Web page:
To add a user, select the Create user account button. If you name this user root you can update the root account as you need. Enter a user name, description, any password and/or ssh public key, and if this user will be an administrative user (like root) then tick the box to signify this:
Select the Create button at the bottom to create the user and return to the main blueprint page. Here you will see the new user, and can create more as necessary. Once you’ve created all your users and added all your packages you can create am image from the blueprint by selecting the Create image button at the upper right.
Create an image
In the Create image dialogue select an image type from the dropdown list, then select a size. This will effectively be the size of the disk available in the OS, just like you’d specify the virtual disk size when creating a VM manually. This will be thin-provisioned, so the actual image file won’t be this size! Select Create, when finished, to add your image to a build queue.
Building images takes a little time, and you can check progress or view completed images in the Images page:
You can create multiple image types from the same blueprint, so you can deploy the exact same image on multiple platforms, increasing your security and making maintenance and administration easier.
Download the image
To use your image, you need to download it, then upload to your chosen platform. To download the image, select the 3-dot menu next to the image and choose Download:
That’s it – your image is ready to deploy. For a simple QEMU/KVM example use the same command from the CLI section above.
sudo qemu-kvm --name test-image -m 1024 -hda ./UUID-disk.qcow2
- You can always edit your blueprints at a later date. The Cockpit UI will automatically increment the version number, but you will need to do this yourself in the toml file if using the CLI. Once you’ve edited the blueprint you will also need to create a new image.
- You may verify the TOML format using this web site https://www.toml-lint.com/ Note that this verifies only the file formatting, not correctness of the content.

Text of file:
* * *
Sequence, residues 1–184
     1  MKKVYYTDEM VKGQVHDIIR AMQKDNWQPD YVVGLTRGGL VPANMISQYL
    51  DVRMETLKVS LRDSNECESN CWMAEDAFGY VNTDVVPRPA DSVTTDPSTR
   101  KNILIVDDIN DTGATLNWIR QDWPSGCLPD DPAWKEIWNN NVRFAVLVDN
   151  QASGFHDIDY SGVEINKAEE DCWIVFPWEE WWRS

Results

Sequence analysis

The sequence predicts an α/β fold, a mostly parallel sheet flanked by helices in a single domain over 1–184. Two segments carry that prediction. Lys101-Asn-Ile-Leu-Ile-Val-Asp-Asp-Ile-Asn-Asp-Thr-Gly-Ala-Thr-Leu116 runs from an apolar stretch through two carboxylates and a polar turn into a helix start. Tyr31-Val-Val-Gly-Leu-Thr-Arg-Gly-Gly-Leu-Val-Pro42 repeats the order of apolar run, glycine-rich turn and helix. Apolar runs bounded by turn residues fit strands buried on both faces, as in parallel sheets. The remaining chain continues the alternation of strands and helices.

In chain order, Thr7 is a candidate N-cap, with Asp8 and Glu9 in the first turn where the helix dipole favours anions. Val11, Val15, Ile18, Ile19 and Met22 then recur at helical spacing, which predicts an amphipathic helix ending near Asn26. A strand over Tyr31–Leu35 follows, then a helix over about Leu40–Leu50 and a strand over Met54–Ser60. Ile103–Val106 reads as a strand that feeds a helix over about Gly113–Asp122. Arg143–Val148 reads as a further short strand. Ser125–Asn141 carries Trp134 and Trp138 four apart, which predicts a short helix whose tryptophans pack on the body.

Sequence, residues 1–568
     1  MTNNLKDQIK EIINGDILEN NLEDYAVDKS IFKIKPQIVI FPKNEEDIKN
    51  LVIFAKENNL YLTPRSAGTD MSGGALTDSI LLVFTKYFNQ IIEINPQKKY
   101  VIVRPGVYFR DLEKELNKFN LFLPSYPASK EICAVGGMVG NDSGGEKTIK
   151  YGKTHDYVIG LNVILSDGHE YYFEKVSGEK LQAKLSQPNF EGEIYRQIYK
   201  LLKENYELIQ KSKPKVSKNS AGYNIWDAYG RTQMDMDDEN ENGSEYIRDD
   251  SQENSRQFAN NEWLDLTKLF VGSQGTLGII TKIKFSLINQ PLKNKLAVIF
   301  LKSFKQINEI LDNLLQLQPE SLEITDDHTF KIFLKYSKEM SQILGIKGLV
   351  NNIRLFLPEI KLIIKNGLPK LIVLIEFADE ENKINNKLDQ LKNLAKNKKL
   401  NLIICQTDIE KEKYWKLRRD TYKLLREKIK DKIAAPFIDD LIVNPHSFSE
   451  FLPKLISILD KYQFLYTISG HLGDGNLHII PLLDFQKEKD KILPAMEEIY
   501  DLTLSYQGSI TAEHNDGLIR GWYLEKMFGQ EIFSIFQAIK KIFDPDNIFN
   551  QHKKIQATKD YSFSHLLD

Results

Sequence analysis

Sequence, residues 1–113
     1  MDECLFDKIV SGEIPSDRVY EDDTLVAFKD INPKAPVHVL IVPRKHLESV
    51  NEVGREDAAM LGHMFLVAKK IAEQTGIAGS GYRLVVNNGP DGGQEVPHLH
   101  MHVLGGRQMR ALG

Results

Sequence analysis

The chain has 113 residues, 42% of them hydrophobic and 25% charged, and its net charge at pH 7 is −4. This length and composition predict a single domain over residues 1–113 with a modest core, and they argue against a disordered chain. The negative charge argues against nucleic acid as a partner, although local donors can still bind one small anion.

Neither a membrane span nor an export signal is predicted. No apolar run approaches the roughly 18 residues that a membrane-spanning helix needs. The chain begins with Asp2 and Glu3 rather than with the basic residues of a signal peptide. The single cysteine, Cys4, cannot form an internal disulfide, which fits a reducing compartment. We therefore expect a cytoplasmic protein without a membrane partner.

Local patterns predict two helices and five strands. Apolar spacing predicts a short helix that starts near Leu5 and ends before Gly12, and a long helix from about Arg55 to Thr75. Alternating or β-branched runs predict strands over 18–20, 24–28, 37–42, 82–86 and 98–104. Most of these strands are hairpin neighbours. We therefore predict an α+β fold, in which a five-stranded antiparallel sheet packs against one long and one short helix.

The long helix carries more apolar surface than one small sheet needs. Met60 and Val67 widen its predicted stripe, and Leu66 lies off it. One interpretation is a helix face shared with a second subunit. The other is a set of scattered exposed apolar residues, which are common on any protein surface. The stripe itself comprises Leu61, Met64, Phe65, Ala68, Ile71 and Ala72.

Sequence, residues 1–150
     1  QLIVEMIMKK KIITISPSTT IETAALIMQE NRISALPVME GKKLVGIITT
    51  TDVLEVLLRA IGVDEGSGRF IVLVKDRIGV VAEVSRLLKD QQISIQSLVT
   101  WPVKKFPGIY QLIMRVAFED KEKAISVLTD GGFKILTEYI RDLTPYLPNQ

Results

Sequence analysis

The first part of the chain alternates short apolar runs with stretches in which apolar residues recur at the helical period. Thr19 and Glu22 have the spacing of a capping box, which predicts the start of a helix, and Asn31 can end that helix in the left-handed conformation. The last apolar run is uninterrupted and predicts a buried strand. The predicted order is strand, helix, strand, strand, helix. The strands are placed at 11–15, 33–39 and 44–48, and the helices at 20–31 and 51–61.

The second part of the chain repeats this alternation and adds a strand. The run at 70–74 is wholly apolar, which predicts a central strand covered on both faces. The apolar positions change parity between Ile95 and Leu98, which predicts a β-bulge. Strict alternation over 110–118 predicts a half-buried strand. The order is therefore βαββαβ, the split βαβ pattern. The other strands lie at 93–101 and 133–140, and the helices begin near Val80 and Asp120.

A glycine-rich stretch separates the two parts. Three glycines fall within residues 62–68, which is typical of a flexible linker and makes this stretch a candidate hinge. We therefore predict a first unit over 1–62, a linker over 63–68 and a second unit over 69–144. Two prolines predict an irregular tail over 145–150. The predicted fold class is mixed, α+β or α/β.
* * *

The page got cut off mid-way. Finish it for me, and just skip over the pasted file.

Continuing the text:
- You can create images with different sizes if your environment has such requirements.
- Create a different blueprint for each specific image you need – don’t update the same one with different packages and version numbers then create images from those.
- Image Builder does not allow disks to be partitioned. The output types that have a partitioned disk will have a single partition and additionally any platform-specific partitions that are required to boot the system image. For example, qcow2 image type has a single root partition, and possibly a platform specific boot partition – like PReP for PPC64 system – that the image requires to boot.
- Images types that may be created are listed in the following table:
|Description||CLI name||File Extension|
|QEMU QCOW2 Image||qcow2||.qcow2|
|Ext4 File System Image||80||.qcow2|
|Raw Partitioned Disk Image||partitiond-disk||.img|
|Live Bootable ISO||live-iso||.iso|
|Amazon Machine Image Disk||ami||.ami|
|VMware Virtual Machine Disk||vmdk||.vmdk|
Image Builder is a fantastic tool for anyone who needs to have repeatable based images for their environment. It’s definitely still a work in progress, but new features are coming all the time, with plans to allow uploading directly into various hypervisors and cloud platforms and other cool stuff.
Image Builder documentation
Official Weldr documentation: https://weldr.io/lorax/
RHEL 8: https://access.redhat.com/documentation/en-us/red_hat_enterprise_linux/8/html-single/composing_a_customized_rhel_system_image/index
RHEL 7: https://access.redhat.com/documentation/en-us/red_hat_enterprise_linux/7/html-single/image_builder_guide/index
Thanks for the article. Is there a way to select the fedora version? 34/Rawhide?
According to the docs the image “will use the same distribution version (e.g. Fedora 33) and architecture (e.g. aarch64) as the host system”. It doesn’t seem there is an option to choose otherwise.
Yes, this is correct. At the moment Image Builder can only build images for the OS it runs on.
This was really so great for us all.
It is really a helpful tool to create custom OS images.